Monday, 15th, August.
There has been a massive dump of snow. The last three days has seen a big storm around the mountain and Ohakune. My job for the last two days has been to crack the highnoon lift on my own. The high noon lift is the highest lift on Mt Ruapehu. the base of the noon is a large metal building with a control room, staff room, repair area and a big storage area for all the 5 seater chair lifts.
You can hear the snow pitter pattering outside. It’s the second night I have been up here now and I bought my lap top. Just watching films, turning on the lift every half an hour so it doesn’t freeze up. The company Doopellmay which is a european chair lift company which RAL bought the highhnoon off has a policy that the warranty will only be valid on the lift if there is someone in the drive 24 hours a day. If it breaks and no one is there then they don’t pay out.
There is a cctv camera pointed at me now with a link to switzerland. Watching that I do my job. My job of sitting here for 13 hours pushing a few buttons every half an hour. I am not complaining though. While I sit in here, warm, eating when I please watching what I please my fellow snow makers are outside battling the storm. They are in charge of digging out the guns, the plaza, the lifts, the buildings. Just about everything. visibility is so poor that you can barely see anything and the temperature has dropped to below -10.
Tonight is officially my last night as a snow maker but I don’t start as a lift operator untill friday so I have said that I would work on my days off in between. My thirst for money drowns out my tiredness. Now that I am almost out the other end I can review my time as a snow maker. My memory now becomes fonder. When I look back on my time in the dark I see myself on the slopes. I cannot imagine a job like this will pass my way for a long time and for that I am glad but I do see that I have been given a taste of a different life which few have experienced. ”its not a job its a life style” many of the old timers here keep saying. I agree, there is little or no time for anything else so this job does become your life.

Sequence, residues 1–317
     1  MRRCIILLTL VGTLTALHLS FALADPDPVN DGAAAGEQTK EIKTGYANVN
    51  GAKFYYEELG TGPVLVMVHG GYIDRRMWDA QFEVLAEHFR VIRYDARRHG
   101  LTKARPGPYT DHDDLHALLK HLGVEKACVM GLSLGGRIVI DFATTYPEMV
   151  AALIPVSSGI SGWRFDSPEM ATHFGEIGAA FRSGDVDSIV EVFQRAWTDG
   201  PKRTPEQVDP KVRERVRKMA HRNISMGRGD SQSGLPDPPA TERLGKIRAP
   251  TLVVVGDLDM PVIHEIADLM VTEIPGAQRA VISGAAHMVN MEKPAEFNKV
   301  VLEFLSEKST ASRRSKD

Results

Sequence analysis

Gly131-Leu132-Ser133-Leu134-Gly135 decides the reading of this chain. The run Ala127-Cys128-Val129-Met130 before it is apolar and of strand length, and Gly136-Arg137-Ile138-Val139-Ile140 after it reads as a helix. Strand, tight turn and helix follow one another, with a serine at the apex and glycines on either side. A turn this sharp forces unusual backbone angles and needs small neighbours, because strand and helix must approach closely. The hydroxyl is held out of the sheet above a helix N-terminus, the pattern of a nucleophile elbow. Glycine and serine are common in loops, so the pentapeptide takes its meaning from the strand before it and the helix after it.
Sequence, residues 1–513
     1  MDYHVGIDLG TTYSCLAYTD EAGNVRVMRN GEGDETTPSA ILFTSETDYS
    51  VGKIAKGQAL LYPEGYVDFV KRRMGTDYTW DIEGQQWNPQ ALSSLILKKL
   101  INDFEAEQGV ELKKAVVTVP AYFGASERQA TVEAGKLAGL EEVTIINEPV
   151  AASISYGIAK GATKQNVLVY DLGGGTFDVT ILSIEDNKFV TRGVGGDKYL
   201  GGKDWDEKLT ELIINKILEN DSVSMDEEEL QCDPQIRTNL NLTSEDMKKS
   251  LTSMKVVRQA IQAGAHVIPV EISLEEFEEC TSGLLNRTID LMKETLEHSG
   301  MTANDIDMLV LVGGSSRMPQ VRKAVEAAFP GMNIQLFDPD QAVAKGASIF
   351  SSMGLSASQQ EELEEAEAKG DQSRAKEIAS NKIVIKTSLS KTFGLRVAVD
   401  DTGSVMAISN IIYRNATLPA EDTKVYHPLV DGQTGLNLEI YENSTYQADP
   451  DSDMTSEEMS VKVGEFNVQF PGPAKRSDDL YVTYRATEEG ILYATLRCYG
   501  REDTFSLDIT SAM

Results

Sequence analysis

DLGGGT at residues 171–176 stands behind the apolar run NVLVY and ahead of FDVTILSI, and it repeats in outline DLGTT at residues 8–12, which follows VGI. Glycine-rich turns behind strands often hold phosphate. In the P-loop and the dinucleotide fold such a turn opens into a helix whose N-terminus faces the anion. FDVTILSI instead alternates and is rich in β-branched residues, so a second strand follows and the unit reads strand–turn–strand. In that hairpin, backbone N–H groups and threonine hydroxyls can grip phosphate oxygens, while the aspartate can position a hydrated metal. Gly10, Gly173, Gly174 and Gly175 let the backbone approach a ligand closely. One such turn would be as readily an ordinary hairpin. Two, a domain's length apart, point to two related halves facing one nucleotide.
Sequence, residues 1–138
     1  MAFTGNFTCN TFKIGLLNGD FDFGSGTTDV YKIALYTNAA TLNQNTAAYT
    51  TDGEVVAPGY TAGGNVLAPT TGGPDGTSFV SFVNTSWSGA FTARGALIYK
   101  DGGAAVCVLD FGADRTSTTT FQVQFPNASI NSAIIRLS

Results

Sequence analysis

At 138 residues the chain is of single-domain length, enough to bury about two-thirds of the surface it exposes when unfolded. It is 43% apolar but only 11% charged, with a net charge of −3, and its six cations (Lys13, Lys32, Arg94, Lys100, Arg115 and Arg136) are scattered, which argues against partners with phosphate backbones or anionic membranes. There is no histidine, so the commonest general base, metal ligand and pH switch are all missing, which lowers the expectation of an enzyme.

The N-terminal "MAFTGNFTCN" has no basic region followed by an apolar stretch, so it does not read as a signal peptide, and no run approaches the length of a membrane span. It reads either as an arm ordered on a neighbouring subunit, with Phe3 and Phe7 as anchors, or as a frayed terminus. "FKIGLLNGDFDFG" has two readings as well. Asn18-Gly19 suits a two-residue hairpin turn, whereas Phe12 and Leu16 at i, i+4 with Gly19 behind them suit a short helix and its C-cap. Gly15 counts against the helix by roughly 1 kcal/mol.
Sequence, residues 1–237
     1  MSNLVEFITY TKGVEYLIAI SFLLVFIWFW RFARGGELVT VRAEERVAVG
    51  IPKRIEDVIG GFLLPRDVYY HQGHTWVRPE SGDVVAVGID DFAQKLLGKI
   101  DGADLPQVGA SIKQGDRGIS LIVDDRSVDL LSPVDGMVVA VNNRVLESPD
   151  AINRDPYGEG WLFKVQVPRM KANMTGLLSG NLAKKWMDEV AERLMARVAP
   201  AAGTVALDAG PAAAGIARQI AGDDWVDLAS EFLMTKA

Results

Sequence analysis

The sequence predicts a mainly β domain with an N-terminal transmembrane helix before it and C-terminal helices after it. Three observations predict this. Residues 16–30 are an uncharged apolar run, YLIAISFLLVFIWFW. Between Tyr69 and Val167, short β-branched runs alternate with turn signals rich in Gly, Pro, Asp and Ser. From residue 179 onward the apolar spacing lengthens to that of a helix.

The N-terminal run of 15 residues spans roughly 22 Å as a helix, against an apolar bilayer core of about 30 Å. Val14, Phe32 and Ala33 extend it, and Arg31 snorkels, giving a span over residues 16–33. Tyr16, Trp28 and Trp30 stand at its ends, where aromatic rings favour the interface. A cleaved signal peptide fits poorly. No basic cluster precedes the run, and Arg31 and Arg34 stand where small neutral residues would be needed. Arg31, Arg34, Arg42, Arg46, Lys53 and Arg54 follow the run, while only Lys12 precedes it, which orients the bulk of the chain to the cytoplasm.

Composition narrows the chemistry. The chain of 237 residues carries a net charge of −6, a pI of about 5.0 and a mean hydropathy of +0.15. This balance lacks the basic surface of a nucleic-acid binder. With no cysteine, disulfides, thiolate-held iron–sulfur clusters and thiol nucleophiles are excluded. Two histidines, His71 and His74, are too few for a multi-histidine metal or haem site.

I hope I can walk down the mountain again at night one last time but I don’t think it will happen. Do you really know when you will be doing something for the last time?, seeing someone for the last time? how do you know that this wont be the last time you have eggs?, the last time you will see your friend? the last day at work? Things can change so fast, seemingly fast compared to the long periods of apparent unchange in-between.
We move out of the BnB on Wednesday, we will pack our things tomorrow morning, clean the room and as soon as I am back from work on Wednesday morning, everything will go in the car, we will say goodbye to Gary and we will drive away. I have played it through my mind so many times, how it will happen, what I will say, how I will feel. I have thought all spontaneity out of the experience.
I now wait here watching films and writing. My lunch in a bag. I must be careful not to eat it all too early. Eating is the pass time for those who have nothing to do and I have very little to do at all.
I start to feel a bit mad up here after a while and when I finally emerge after 13 hours into the dawn, snow cats and day crew milling around busily I feel so out-of-place and grimy.
We went to Tomos house and made pizza the other night. Tomo is the Japanese girl who Sarah and I are going to move in with on Wednesday. She had a whole group of friends around. I noticed that I felt uncomfortable around so many people ( a whooping 10 or so people!) I have got so used to being alone or only with one other person, just walking and hitting ice that now I feel my social skills have deteriorated from disuse. No matter I am sure its only a matter of time before I change again.
Traveling demands that you are a chameleon, and changing colour is tiring but its a satisfying challenge. You can feel yourself being tested, new problems put in front of you, new rewards for overcoming them. Not always fun, but never boring.